Glucocorticoid steroids are used to treat a variety of conditions, including chronic inflammatory diseases and autoimmune diseases.
Their effects on muscle recovery and repair make them particularly effective therapies for muscle injury and muscular dystrophies. However, chronic systemic exposure to glucocorticoid steroids also accelerates the breakdown of muscle tissue, which can lead to muscle wasting and weakness after long-term use.
‘Chronic systemic exposure to glucocorticoid steroids also accelerates the breakdown of muscle tissue, which can lead to muscle wasting and weakness after long-term use.’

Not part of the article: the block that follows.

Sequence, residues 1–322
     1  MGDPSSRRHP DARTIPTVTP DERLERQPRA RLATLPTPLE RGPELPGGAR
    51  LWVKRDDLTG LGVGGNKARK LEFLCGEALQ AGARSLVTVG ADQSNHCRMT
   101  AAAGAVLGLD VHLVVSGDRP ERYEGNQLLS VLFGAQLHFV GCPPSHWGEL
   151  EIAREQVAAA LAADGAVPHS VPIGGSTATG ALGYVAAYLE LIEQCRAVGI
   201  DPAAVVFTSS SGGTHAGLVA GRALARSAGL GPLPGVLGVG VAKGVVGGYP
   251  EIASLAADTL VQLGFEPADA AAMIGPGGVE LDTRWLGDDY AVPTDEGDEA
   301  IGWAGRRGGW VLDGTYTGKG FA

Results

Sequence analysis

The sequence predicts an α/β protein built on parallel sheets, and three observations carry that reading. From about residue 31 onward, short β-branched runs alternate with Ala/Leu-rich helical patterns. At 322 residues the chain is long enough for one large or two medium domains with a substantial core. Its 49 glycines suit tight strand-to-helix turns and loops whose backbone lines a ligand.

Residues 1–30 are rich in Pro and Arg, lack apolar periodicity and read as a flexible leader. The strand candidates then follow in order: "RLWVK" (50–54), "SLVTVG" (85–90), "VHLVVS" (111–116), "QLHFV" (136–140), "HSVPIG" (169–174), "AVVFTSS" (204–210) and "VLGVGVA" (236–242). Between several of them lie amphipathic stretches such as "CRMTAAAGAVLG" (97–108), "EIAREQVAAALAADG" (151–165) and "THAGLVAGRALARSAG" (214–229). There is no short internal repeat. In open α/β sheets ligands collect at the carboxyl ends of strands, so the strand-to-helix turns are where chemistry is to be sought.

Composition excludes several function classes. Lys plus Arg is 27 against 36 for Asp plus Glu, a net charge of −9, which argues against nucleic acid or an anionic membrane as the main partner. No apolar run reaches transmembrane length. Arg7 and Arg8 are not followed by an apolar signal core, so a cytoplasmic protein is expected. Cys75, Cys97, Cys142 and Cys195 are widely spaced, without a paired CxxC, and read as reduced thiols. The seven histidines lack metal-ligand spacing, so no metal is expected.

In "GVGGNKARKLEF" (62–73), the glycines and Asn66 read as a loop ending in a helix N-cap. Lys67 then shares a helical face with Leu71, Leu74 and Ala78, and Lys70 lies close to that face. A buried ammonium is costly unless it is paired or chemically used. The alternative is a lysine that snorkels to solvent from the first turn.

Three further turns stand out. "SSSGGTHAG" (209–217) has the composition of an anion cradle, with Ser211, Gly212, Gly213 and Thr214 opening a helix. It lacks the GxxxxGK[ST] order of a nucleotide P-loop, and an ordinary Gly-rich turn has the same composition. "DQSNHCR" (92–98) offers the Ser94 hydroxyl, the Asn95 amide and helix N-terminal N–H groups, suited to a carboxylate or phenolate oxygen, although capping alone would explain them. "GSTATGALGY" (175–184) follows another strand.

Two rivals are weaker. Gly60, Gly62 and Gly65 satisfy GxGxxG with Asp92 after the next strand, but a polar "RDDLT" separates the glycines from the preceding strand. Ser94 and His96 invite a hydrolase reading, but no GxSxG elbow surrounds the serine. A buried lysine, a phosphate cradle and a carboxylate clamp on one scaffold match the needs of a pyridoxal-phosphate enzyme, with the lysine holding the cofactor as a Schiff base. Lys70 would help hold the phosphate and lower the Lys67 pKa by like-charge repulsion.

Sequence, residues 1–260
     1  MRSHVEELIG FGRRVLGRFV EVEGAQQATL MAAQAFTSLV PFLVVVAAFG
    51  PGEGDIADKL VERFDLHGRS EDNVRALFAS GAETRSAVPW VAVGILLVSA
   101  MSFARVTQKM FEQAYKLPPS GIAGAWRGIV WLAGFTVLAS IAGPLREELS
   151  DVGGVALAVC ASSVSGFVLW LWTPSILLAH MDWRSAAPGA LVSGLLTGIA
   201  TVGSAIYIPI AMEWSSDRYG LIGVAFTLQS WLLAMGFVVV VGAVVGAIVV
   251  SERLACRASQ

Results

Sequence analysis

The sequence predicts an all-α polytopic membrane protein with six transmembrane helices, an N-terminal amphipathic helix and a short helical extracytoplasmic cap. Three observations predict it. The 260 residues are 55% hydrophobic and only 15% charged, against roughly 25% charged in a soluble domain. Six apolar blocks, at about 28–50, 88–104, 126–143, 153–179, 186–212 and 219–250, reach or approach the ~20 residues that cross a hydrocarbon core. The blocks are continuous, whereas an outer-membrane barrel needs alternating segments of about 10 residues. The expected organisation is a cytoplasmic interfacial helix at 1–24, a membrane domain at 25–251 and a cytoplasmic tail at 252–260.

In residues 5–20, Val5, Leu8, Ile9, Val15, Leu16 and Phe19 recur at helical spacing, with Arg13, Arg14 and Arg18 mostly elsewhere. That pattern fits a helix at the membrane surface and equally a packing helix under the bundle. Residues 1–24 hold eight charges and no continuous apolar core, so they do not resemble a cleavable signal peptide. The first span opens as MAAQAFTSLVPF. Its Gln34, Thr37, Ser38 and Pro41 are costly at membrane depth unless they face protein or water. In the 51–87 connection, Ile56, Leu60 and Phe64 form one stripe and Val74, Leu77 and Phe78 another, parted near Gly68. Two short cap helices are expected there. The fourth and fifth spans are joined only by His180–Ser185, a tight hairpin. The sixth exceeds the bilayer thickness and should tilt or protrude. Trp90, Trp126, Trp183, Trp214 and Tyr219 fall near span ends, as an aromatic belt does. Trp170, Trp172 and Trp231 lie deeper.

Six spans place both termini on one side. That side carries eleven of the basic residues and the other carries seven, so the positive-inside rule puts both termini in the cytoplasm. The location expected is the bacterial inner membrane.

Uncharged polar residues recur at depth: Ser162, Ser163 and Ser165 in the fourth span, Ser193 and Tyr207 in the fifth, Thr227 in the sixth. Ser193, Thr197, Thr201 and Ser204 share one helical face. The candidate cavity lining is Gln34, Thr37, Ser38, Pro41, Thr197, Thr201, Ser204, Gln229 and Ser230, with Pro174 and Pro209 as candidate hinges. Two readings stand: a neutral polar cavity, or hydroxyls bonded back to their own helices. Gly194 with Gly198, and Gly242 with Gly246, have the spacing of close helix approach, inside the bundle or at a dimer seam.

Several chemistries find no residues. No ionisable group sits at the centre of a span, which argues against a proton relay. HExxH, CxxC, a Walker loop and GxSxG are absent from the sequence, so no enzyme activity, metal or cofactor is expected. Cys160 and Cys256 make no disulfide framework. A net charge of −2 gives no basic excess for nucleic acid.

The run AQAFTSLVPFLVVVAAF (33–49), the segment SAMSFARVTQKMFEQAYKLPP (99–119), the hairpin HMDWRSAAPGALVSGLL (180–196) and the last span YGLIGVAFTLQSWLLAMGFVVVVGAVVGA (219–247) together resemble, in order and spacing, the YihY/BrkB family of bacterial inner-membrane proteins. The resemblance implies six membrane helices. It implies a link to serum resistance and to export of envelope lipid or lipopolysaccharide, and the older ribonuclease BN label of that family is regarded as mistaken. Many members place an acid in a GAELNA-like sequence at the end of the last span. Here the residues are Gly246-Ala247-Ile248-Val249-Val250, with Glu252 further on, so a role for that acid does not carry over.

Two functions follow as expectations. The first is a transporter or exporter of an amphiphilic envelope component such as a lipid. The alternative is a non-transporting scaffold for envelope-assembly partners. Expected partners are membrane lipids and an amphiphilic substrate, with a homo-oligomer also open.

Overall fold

In this issue of the JCI, a study led by Elizabeth McNally at Northwestern University's Feinberg School of Medicine reports that some unwanted side effects of glucocorticoid steroids might be avoided by reducing the frequency of the treatment regimen. In a mouse model of Duchenne muscular dystrophy and in normal mice, both daily and weekly steroid dosing improved the rate of muscle recovery from injury. However, daily dosing also led to muscle atrophy that counteracted the benefits of enhanced muscle repair. In contrast, mice that received a once-weekly treatment with glucocorticoid steroids experienced improvements in muscle function and pathology that were not compromised by muscle atrophy.
The findings of this study suggest that reducing the frequency of glucocorticoid dosing may prevent their debilitating side effects while preserving therapeutic effects on muscle function. Further work is needed to determine how intermittent dosing regimens affect glucocorticoid therapies in human disease.